19. Friedman HL. Image approximation to the reaction field. Mol Phys. 1975;29:1533–1543.
20. Gautschi W. Algorithm 726; ORTHPOL- a package of routines for generating orthogonal polynomials and Gauss-type quadrature rules. ACM Trans Math Softw. 1994;20:21–62.
21. Havranek JJ, Harbury PB. Tanford-Kirkwood electrostatics for protein modeling. Proc Natl Acad Sci USA. 1999;96:11145–11150. [PubMed]
22. Hingerty BE, Ritchie RH, Ferrell TL, Turner JE. Dielectric effects in bio-polymers – the theory of ionic saturation revisited. Biopolymers. 1985;24:427–439.
23. Jha AK, Freed KF. Solvation effect on conformations of 1,2:dimethoxyethane: charge-dependent nonlinear response in implicit solvent models. J Chem Phys. 2008;128:034501. [PMC free article] [PubMed]
24. Juffer AH, Botta EFF, Vankeulen BAM, Vanderploeg A, Berendsen HJC. The electric-potential of a macromolecule in a solvent - a fundamental approach. J Comput Phys. 1991;97(1):144–171.
25. Kirkwood JG. Theory of solutions of molecules containing widely separated charges with special applications to awitterions. J Chem Phys. 1934;2:351–361.
26. Koehl P. Electrostatics calculations: latest methodological advances. Curr Opin Struct Biol. 2006;16:142–151. [PubMed]
27. Lindell IV. Electrostatic image theory for the dielectric sphere. Radio Sci. 1992;27:1–8.
28. Lu BZ, Zhou YC, Holst MJ, McCammon JA. Recent progress in numerical methods for the Poisson-Boltzmann equation in biophysical applications. Commun Comput Phys. 2008;3:973–1009.
29. Neumann C. Hydrodynamische untersuchungen: Nebst einem anhange uber die probleme der elektrostatik und der magnetischen induktion. Teubner; Leipzig: 1883. pp. 279–282.
30. Norris WT. Charge images in a dielectric sphere. IEE Proc-Sci Meas Technol. 1995;142:142–150.
31. Okur A, Simmerling C. Hybrid explicit/implicit solvation methods. In: Spellmeyer D, editor. Annu Rep Comput Chem. Vol. 2. 2006.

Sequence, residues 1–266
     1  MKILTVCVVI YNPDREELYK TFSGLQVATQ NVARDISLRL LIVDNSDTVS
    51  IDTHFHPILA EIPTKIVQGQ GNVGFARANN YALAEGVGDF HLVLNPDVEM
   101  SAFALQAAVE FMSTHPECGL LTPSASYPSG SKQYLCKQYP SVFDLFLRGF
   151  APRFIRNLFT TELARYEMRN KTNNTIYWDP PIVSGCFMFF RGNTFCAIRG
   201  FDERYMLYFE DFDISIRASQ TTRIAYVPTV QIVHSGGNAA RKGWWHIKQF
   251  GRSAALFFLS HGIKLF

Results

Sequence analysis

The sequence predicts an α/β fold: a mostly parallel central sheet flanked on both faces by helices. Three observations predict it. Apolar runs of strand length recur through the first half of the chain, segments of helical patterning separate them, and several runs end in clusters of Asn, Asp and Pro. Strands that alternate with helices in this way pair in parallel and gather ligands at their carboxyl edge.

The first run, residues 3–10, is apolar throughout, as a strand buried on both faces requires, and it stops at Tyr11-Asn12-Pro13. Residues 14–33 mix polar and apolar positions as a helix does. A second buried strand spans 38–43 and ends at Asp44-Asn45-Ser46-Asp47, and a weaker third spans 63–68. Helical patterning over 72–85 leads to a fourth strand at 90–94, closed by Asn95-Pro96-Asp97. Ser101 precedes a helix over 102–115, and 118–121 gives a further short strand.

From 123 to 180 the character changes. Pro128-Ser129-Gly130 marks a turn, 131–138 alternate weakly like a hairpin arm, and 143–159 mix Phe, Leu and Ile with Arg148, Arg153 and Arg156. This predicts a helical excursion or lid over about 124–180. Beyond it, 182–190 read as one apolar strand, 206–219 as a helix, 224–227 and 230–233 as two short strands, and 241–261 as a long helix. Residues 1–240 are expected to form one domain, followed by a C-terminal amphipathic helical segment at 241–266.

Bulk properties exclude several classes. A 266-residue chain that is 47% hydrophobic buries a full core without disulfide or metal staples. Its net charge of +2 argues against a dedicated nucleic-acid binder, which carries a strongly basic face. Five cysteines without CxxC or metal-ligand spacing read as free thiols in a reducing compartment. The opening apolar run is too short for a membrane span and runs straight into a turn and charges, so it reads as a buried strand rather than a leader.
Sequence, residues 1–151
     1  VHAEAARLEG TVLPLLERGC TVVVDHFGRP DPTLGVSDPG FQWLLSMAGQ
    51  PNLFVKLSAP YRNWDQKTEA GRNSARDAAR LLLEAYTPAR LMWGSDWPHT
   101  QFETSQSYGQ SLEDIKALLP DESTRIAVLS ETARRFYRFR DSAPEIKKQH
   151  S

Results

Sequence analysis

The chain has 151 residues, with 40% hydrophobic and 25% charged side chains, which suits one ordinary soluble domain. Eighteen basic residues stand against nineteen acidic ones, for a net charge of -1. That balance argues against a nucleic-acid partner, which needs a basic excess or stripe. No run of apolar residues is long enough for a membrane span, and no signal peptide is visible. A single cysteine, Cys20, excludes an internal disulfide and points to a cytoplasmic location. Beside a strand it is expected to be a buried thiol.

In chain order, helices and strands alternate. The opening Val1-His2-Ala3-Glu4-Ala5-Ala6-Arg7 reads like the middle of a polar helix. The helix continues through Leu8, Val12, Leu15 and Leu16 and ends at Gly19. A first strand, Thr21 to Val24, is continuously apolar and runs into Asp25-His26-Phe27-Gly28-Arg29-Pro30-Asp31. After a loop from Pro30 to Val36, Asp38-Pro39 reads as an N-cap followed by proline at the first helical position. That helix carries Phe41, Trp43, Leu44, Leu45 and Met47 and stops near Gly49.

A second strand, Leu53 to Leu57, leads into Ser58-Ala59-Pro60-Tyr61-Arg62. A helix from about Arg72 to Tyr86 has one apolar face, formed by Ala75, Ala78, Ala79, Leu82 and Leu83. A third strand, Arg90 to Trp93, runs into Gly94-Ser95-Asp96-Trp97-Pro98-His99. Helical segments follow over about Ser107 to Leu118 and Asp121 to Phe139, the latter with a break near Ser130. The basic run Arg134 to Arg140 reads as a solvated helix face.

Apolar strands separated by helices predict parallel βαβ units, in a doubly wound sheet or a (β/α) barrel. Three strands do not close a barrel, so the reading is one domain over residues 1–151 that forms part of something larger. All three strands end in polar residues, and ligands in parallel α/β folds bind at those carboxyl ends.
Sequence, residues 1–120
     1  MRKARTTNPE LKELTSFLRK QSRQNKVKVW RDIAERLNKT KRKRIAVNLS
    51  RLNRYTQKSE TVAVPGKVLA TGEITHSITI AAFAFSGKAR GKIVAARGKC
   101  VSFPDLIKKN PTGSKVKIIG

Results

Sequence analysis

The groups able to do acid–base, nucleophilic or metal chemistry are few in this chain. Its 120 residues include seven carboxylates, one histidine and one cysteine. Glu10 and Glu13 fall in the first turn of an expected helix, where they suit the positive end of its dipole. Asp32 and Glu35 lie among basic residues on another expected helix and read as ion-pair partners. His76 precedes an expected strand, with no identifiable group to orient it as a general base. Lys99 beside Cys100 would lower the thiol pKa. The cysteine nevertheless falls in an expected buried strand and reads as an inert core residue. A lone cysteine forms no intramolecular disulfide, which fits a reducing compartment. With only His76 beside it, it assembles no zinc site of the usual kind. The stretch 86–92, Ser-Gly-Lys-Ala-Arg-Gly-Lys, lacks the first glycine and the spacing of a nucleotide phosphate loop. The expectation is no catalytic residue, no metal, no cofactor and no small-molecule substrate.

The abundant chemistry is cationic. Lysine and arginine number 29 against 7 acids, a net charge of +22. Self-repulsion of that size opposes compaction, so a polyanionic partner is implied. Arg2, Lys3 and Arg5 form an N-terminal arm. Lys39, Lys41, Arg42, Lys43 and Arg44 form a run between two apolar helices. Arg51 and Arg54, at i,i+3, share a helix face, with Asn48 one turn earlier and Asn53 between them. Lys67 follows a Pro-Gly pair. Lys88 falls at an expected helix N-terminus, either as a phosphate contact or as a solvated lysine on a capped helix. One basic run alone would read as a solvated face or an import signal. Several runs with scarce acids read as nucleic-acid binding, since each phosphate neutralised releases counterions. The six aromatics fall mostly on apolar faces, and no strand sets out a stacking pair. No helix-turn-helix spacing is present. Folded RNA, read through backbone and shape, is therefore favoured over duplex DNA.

32. Onsager L. Electric moments of molecules in liquids. J Am Chem Soc. 1936;58:1486.
33. Petraglio G. Nonperiodic boundary conditions for solvated systems. J Chem Phys. 2005;123:044103. [PubMed]
34. Ramstein J, Lavery R. Energetic coupling between DNA bending and base pair opening. P Natl Acad Sci USA. 1988;85:7231–7235. [PubMed]
35. Rubinstein A, Sherman S. Influence of the solvent structure on the electrostatic interactions in proteins. Biophys J. 2004;87:1544–1557. [PubMed]
36. Shen MY, Freed KF. All-atom fast protein folding simulations: The villin headpiece. Proteins. 2002;49:439–445. [PubMed]
37. Sihvola A, Lindell IV. Polarizability and effective permittivity of layered and continuously inhomogeneous dielectric spheres. J Electrom Waves Appl. 1989;3:37–60.
38. Tanford C, Kirkwood JG. Theory of protein titration curves. I. General equations for impenetrable spheres. J Am Chem Soc. 1957;79:5333–5339.
39. Tironi IG, Sperb R, Smith PE, van Gunsteren WF. Generalized reaction field method for molecular dynamics simulations. J Chem Phys. 1995;102:5451–5459.
40. Wang J, Tan C, Tan YH, Lu Q, Luo R. Poisson-Boltzmann solvents in molecular dynamics simulations. Commun Comput Phys. 2008;3:1010–1031.
41. Wang L, Hermans J. Reaction field molecular dynamics simulation with Friedman’s image method. J Phys Chem. 1995;99:12001–12007.
42. Warshel A, Levitt M. Theoretical studies of enzymic reactions: dielectric, electrostatic and steric stabilization of the carbonium ion in the reaction of lysozyme. J Mol Biol. 1976;103:227–249. [PubMed]
43. Xu Z, Deng S, Cai W. Image charge approximations of reaction fields in solvents with arbitrary ionic strength. J Comput Phys. 2009;228:2092–2099. [PMC free article] [PubMed]